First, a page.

Carmilla, by Joseph Sheridan Le Fanu
A young woman describes the horrifying events that occur during the unplanned sojourn at her home of another young woman who is as mysterious as she is beautiful.
POSSIBLY UNNECESSARY SPOILER ALERT: This is a vampire story that predates Dracula by about twenty-five years.
I haven't read Dracula since... high school?...so I'm probably ill-prepared to compare the two, but it seems impossible not to do so. If I'd read Carmilla first, I might have liked it even more-- and it was still good-- but I think I preferred Dracula. Maybe it comes down to sheer length; Carmilla is a novella, while Dracula benefits from more pages in which to spin the tale.
That aside, how was the book in itself? Good classic horror-- but I found the effect blunted. To those who read it when the story was new-- or to someone miraculously unfamiliar with vampire lore-- it must be more startling than it was to me. There were a few creepy moments (that I suppose I shouldn't reveal in this review), but even most of those felt weak-- or at least, they could have been presented more powerfully, with more vivid description... or more detailed emotional response from the witnesses... or something. It felt a bit flatter than I'd hoped. Still, all in all, well worth a read for anyone interested in classic horror-- particularly that pertaining to vampires.
-- I wasn't sure whether Styria was a real place, so I looked it up. Apparently it's part of Austria. Funny that it's described as a "lonely and primitive place". I don't know; maybe parts of Austria were "primitive" when this was written/set...
-- Le Fanu seems to have some "had I but known" tendencies. Direct quote: "Heavens! If I had but known all!"
-- Perhaps the most startling aspect of the book was the lesbian innuendo. I know that female friendships at that time could be more passionate and clinging than is the norm, today, but this goes beyond that. I mean, there are kisses from "hot lips", panting breaths, and the like-- but never anything more explicit than that. Considering how surprising that was for me, I can only imagine how scandalous it must've been for Le Fanu's contemporary readers. Did people have to read the book in private for fear of what the neighbors would think? ;o)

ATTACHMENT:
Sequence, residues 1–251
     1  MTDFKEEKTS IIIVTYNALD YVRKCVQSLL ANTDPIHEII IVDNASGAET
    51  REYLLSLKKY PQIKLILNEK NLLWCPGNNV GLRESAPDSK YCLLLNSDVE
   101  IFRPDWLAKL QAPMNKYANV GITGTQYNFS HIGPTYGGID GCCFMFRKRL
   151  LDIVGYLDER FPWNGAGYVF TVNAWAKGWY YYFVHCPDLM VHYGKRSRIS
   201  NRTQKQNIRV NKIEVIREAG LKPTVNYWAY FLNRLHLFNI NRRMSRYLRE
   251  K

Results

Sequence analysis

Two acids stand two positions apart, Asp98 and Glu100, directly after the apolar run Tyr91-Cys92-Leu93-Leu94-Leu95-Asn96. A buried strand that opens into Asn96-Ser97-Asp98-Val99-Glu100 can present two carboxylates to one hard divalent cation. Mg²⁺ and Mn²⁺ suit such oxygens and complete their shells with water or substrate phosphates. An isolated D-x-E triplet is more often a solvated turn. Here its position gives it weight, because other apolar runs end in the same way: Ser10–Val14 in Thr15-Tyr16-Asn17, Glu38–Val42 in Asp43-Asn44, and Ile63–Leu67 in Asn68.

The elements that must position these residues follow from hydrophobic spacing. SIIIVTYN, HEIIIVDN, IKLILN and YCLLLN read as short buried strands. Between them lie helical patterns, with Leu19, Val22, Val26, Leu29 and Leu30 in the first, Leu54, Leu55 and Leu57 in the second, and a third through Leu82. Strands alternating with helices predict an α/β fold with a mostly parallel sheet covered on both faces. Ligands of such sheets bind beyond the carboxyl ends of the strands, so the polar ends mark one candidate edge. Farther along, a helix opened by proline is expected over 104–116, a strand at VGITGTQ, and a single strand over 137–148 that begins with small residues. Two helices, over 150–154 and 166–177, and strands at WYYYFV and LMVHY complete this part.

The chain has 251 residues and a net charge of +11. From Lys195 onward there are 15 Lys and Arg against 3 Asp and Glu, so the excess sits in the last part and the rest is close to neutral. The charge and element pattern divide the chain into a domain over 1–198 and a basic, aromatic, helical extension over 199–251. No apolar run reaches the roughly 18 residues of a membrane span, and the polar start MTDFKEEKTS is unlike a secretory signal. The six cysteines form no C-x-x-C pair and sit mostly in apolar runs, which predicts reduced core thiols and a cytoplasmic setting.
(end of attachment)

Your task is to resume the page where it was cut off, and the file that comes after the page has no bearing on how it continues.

-- The vampire in this book is presented-- interestingly-- as an intelligent "con man". I would say that I find it difficult to reconcile that intelligence with what is otherwise presented as a remorseless, bloodthirsty monster, except for the fact that real-life monsters are sometimes quick-witted and excellent mimics of normalcy.
-- The word "vampire" doesn't show up until 82% into the novella, though "oupire" is used at least a couple times before that.
-- According to the vampire mythology of this book, "a suicide, under certain circumstances, becomes a vampire" that then creates more vampires of the people it kills. That's the first I've heard of any connection between vampires and suicide. It struck me as odd.
-- I don't know if the hilarity was intentional or not, but I found it quite amusing when the traveling entertainer noticed Carmilla's fangs and offered to file them down for her. HA!
-- Very interesting that Carmilla is so vehement that all can be explained by "nature" / science rather than a Creator, religion or spirits. I'm used to the idea that vampires are repelled by crosses and other Christian symbols-- but the insistence on "nature" was new to me.
-- Laura is really extraordinarily dimwitted at times. I know that Le Fanu tries to explain it away with all that stuff about how isolated the schloss was and how little Laura had been able to mix with society-- so naive, so innocent, so young-- but still! When someone says this to you: "You must come with me, loving me, to death; or else hate me and still come with me, and hating me through death and after." ...Well, maybe it's time to become a bit concerned about the person's sanity and intentions toward you.
-- Related to the above: After the scene at the ancient estate-- after the General tries to kill Carmilla-- when it should be obvious to everyone that Carmilla is the same monster that caused the death of the General's niece-- Laura is still "dismayed" when she returns home to discover "that there were no tidings of Carmilla". ...Sorry, Laura; you may be a nice person, but you're not that bright.
-- So here we get the idea that (some) vampires must follow special "rules"-- such as the one that they can only go by anagrams of their true names. Mircalla becomes Carmilla or Millarca. That seems a bit silly to me, honestly, but then again, why should it seem any sillier than much else in vampire mythology? Incidentally, I recently saw a movie in which Dracula went by "Alucard"-- and thought that was pretty ridiculous, too.
-- I would have liked some explanation of Carmilla's "mother" and her servants.